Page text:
Let's crunch a few numbers.
As Anders observes, "The heat capacity of iron at room temperature is 0.444 J/K per gram (it changes with temperature, but let us leave that aside)."
So your entire mass needs to absorb 4440 joules per degree K it rises. Just getting that to 273K (freezing) will call for (coarsely) 1212120 joules.
Water has the impressive 4.18 joules per gram per degree C of heat capacity. Its enthalpy of vaporization is 2265 J/g which means it must give up that much energy simply to liquefy. Its enthalpy of fusion (freezing) is 334 J/g. So that's 2599 J/g water vapor must give up to freeze, plus another 26.85x4.18 = 112 J/g to cool from 300K to freezing, totalling 2711 J/g.
Why am I talking about water?
Because water will be doing all the heavy lifting here. After all, water and its potent enthalpies moderate the temperature of this planet!
How many grams of water vapor must freeze to bring the block to freezing? 1212120 J / (2711 J/g) = 447 grams.
Almost exactly 1 pound of water. I should've used British Thermal Units!
Is that even in the room? Well, if the air was 27C and at 100% relative humidity, it would contain 27 g per cubic meter. 16.5 cubic meters would hold that much water. Say we're at 50% RH, 33 cubic meters, that's a rather modest bedroom! So the room surely has enough water to do the entire job.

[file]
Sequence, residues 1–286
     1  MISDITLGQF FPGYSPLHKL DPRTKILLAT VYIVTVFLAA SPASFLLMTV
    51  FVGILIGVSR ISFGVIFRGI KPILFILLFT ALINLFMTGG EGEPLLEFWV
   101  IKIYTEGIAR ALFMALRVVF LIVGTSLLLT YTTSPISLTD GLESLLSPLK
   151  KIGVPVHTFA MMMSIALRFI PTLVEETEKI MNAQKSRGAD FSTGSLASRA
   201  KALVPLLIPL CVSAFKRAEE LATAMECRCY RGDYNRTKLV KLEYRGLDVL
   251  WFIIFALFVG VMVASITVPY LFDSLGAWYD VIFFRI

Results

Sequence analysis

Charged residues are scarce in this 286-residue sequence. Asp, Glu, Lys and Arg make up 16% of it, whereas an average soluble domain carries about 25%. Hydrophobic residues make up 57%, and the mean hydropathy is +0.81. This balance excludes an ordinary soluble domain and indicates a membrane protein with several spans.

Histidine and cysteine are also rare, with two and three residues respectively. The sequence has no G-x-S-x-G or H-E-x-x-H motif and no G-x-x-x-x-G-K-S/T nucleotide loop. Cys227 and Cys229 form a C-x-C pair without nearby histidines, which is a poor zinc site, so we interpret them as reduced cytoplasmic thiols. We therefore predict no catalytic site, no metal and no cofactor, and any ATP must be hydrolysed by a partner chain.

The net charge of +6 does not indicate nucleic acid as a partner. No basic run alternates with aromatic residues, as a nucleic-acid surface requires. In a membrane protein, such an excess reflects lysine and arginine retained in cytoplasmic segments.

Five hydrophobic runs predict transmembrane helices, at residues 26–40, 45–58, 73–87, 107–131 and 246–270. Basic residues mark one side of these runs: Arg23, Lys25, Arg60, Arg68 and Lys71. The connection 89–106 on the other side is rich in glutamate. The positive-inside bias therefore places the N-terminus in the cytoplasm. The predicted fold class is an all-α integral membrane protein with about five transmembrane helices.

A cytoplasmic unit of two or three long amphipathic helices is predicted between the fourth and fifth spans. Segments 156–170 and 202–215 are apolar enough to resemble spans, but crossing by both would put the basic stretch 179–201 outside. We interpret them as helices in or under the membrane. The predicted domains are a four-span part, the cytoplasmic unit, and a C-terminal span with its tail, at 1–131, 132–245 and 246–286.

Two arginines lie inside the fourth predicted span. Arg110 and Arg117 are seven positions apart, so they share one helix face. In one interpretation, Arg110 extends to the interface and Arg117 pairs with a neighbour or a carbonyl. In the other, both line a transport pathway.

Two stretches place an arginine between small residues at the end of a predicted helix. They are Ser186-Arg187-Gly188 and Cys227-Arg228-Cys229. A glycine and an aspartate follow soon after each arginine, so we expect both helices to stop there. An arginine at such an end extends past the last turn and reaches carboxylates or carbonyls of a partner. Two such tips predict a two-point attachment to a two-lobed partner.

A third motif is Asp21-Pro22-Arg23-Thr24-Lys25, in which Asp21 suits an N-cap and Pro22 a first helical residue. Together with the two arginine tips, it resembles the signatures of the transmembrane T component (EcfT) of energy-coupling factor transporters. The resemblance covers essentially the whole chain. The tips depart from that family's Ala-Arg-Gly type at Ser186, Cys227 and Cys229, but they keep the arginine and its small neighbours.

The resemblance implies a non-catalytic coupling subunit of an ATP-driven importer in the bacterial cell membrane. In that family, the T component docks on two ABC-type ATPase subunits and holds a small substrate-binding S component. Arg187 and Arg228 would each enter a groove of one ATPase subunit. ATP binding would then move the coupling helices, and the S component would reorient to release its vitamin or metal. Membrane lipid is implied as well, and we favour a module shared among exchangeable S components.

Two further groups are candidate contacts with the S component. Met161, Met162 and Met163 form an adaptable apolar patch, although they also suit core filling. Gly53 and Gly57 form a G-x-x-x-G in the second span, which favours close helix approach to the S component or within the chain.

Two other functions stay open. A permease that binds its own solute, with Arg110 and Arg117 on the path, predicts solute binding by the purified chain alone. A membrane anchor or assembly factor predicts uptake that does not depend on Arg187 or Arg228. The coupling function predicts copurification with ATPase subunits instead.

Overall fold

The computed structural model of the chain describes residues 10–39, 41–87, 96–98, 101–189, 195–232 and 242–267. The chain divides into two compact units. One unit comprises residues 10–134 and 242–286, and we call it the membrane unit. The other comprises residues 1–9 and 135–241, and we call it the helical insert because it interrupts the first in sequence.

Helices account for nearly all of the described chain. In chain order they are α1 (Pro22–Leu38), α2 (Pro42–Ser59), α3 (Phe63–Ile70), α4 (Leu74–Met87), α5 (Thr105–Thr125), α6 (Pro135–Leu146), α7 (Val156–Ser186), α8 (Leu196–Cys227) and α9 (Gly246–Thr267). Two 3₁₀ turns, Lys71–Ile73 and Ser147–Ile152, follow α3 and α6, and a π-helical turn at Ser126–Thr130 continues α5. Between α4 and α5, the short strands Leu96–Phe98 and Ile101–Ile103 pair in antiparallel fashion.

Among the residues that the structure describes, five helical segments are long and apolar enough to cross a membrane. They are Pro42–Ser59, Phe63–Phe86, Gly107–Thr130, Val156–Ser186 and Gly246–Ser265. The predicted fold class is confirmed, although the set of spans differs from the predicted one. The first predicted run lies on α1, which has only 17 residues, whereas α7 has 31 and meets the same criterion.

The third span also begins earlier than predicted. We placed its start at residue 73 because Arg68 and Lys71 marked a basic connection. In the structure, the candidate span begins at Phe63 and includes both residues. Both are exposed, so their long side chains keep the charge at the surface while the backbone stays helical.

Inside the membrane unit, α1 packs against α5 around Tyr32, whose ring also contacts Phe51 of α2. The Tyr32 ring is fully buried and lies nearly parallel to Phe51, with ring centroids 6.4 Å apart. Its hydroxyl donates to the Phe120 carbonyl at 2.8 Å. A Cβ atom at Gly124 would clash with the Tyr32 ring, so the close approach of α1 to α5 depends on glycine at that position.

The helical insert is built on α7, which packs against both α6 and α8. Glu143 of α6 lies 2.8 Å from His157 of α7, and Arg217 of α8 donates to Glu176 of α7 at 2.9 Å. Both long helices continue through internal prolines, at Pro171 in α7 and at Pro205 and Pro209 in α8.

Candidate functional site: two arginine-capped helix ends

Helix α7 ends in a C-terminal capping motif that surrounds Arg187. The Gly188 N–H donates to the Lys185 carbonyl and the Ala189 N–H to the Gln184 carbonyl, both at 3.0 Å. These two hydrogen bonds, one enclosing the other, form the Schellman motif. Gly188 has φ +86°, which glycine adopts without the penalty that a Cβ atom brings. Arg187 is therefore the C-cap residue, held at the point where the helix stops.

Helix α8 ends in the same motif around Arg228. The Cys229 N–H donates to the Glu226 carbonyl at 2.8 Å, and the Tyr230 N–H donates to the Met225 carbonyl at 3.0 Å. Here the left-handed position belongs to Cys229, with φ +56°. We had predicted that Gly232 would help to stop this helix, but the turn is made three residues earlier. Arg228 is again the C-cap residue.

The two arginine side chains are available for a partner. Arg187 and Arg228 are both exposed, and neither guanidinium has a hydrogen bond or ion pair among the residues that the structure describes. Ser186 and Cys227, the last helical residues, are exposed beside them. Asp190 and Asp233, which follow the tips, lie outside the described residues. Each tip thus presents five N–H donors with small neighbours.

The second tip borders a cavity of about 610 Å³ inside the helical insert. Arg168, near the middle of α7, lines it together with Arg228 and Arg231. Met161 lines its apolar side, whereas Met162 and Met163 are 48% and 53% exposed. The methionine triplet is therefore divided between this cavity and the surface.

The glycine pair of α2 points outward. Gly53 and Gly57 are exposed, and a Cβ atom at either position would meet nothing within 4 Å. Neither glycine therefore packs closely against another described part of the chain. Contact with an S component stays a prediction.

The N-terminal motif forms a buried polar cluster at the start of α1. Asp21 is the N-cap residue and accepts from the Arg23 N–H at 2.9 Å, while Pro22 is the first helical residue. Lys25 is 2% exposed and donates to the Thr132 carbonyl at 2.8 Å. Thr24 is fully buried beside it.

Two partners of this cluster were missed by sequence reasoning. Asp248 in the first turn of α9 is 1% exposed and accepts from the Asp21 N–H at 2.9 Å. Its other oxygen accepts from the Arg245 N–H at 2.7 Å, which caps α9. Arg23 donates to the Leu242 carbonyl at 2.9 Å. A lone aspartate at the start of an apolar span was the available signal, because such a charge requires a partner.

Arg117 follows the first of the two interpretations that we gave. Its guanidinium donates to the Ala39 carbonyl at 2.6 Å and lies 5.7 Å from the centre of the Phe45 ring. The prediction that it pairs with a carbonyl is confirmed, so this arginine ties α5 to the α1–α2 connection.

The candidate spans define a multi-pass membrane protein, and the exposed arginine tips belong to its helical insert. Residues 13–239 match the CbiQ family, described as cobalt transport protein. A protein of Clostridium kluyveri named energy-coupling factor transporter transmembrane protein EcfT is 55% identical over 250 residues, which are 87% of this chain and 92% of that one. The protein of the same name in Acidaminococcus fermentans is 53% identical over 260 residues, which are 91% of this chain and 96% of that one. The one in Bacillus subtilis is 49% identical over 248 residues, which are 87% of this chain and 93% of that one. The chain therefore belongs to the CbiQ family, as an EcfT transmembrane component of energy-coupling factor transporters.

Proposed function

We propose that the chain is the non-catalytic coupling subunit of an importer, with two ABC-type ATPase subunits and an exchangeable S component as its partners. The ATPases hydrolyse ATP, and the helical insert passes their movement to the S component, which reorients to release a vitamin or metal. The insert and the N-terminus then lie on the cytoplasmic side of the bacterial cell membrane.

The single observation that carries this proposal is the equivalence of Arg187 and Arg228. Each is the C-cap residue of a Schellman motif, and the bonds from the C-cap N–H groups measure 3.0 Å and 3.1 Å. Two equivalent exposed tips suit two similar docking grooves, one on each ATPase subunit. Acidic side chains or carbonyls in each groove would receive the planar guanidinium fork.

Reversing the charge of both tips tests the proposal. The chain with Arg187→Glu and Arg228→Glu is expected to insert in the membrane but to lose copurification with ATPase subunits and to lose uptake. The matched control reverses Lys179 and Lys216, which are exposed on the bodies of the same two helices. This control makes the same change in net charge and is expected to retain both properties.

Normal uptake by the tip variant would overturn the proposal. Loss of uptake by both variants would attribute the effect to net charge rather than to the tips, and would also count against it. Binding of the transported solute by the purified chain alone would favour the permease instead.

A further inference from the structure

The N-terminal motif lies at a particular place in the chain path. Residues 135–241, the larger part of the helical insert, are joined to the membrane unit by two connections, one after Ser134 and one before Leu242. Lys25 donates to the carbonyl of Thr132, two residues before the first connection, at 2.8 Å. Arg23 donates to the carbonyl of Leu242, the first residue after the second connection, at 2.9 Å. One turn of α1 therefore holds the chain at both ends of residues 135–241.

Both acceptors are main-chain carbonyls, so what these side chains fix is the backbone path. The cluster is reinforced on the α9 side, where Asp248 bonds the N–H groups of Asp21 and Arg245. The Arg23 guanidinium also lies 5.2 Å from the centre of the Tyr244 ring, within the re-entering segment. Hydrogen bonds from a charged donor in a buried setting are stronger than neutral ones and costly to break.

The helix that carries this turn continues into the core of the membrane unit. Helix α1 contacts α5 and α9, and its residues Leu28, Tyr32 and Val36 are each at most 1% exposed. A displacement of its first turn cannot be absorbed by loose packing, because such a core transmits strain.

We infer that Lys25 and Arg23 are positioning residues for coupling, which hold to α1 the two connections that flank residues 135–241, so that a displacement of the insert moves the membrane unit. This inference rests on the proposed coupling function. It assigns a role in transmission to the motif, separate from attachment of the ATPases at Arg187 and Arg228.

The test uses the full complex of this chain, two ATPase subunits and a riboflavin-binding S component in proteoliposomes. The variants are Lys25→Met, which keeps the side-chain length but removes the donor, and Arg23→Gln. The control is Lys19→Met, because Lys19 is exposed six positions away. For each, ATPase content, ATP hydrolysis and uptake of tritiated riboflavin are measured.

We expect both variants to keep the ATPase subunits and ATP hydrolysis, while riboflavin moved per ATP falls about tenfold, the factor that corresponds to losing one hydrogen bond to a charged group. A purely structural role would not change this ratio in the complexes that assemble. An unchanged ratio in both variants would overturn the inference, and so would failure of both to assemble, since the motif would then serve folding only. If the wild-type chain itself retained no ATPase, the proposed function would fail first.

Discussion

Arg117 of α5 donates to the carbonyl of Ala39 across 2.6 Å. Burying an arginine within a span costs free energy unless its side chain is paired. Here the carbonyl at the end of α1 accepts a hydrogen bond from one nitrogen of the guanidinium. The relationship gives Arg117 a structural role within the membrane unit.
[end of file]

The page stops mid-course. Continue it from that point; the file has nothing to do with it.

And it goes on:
The sequence of events
Yes, instantaneously, it will freeze the nitrogen and oxygen. But very quickly, that will re-vaporize as it exchanges heat energy with water vapor, which eagerly freezes in its place.
This ice will act as an insulating layer to slow heat transmission further. It will expand and expand. Though it won't be terribly thick: after all, we're dealing with less than a pint/half litre of water. 1 water bottle.
Eventually, this will slow down. Even before the iron core has reached 273K, water on the outside will start being melted by the heat in the room, either convecting from objects in the room, or the thermostat has switched on and made a call for heat.
In room air conditioned to 27C, it is easier for water to gather the 334 J/g needed to melt than the 2265 J/g needed to boil, so once the water has melted, it infuses into the (now dry) air much more slowly.
TLDR: You get a puddle.